In Europe, under the Denied Boarding Regulation (Regulation 261/2004 EC), passengers who are bumped under this regulation are entitled to €250 for short-haul flights (1,500km/932 miles or less), 400 euros for medium-haul flights (between 1,500km and 3,500km/932 miles and 2,175 miles) and up to €600 for long-haul flights (more than 3,500km).
Compensation is reduced if the airline gives you the option of re-routing your flights and arriving within two hours of your original scheduled arrival time, for short haul, three hours for medium haul and within four hours for long haul.
The U.S Department of Transportation states: ‘Travellers who don’t get to fly are frequently entitled to denied boarding compensation in the form of a check or cash. The amount depends on the price of their ticket and the length of the delay.’
Gilbert Ott, founder of the air travel website godsavethepoints.com, added that bumping can be extremely lucrative for passengers.
He said: ‘Airlines run like hedge funds and are so analytical these days that they rarely fly with empty seats and oversell betting that at least a few will no show. Bumps can be a very lucrative “gaming” of the system for passengers, as evidenced by someone who once made $10,000 dollars in Delta vouchers after getting bumped off multiple consecutive flights. If passengers have flexibility, these bumps are a great way to secure credit towards future (free) travel.
‘On the other hand, if they’re not flexible, bumps are a disaster.’
WHAT ARE YOUR RIGHTS IF A FLIGHT IS OVERBOOKED?
Overbooking is not illegal and every airline does it to maximise their revenue.
According to the the Department of Transportation: ‘DOT rules require airlines to seek out people who are willing to give up their seats for compensation before bumping anyone involuntarily.
‘Airlines set their own “boarding priorities” – the order in which they will bump different categories of passengers in an oversale situation.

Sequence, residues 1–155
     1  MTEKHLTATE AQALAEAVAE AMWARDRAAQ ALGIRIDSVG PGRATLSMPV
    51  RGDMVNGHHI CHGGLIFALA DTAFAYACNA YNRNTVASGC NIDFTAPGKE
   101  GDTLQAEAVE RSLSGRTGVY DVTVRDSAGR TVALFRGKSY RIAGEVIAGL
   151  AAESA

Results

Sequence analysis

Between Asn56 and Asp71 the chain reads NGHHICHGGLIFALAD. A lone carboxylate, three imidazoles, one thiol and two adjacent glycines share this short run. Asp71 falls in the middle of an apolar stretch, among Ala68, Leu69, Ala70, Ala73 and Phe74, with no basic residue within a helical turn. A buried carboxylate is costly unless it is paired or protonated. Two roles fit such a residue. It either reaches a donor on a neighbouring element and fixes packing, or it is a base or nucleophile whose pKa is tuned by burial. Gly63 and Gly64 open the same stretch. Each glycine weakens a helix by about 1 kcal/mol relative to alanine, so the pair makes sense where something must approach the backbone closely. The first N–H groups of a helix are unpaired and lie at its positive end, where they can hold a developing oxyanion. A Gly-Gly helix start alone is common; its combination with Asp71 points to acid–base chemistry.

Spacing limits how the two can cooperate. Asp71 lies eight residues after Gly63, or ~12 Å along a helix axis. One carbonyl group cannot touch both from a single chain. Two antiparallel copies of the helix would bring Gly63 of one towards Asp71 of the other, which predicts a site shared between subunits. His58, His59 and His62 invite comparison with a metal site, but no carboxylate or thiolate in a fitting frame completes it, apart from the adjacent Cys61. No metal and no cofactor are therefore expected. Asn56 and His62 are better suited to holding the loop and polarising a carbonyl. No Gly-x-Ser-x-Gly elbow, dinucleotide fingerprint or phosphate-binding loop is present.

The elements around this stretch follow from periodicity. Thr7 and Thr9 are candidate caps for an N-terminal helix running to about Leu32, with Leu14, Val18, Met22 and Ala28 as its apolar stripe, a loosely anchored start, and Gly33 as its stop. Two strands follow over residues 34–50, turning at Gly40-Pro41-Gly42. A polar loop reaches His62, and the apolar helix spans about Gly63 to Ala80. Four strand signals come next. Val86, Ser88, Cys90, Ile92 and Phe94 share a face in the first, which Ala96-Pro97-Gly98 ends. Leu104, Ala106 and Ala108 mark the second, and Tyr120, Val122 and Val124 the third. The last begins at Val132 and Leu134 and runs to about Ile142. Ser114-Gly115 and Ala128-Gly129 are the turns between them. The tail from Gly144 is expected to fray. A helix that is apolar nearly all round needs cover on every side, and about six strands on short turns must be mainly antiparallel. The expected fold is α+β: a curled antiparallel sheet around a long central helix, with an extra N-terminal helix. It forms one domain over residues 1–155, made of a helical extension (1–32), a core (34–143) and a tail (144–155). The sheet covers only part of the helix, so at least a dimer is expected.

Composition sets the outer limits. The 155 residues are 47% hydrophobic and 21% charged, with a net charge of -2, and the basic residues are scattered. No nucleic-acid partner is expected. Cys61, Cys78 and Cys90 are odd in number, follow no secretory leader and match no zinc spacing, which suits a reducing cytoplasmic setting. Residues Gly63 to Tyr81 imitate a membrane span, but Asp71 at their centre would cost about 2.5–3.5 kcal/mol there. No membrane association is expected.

‘When a flight is oversold and there are not enough volunteers, some airlines bump passengers with the lowest fares first.
‘Others bump the last passengers to check in. Once you have purchased your ticket, the most effective way to reduce the risk of being bumped is to get to the airport early.
‘For passengers in the same fare class the last passengers to check in are usually the first to be bumped, even if they have met the check-in deadline. ‘
Any passengers who is forced to get another flight is entitled to compensation.
The DOT states: ‘Travellers who don’t get to fly are frequently entitled to denied boarding compensation in the form of a check or cash. The amount depends on the price of their ticket and the length of the delay.’
In Europe, the Denied Boarding Regulation (Regulation 261/2004 EC) applies to passengers departing from an airport within the EU, whatever the airline is and for any aircraft heading to an airport within the EU, and if the airline is based in Europe.
Passengers who are bumped under this regulation are entitled to €250 for short haul flights and up to €600 for long haul flights.
Compensation is reduced by 50 per cent if the airline gives you the option of re-routing your flights and arriving within two hours of your original scheduled arrival time, for short haul, three hours for medium haul and within four hours for long haul.
Andrew Shelton, Managing Director of global flight search and travel deals website Cheapflights, said: ‘For UK travellers, the advice remains that they should check in for their flight online in advance or in plenty of time at the airport and if you’re concerned about overbooking, mention to the check in staff why you need to fly and want to sit tight.’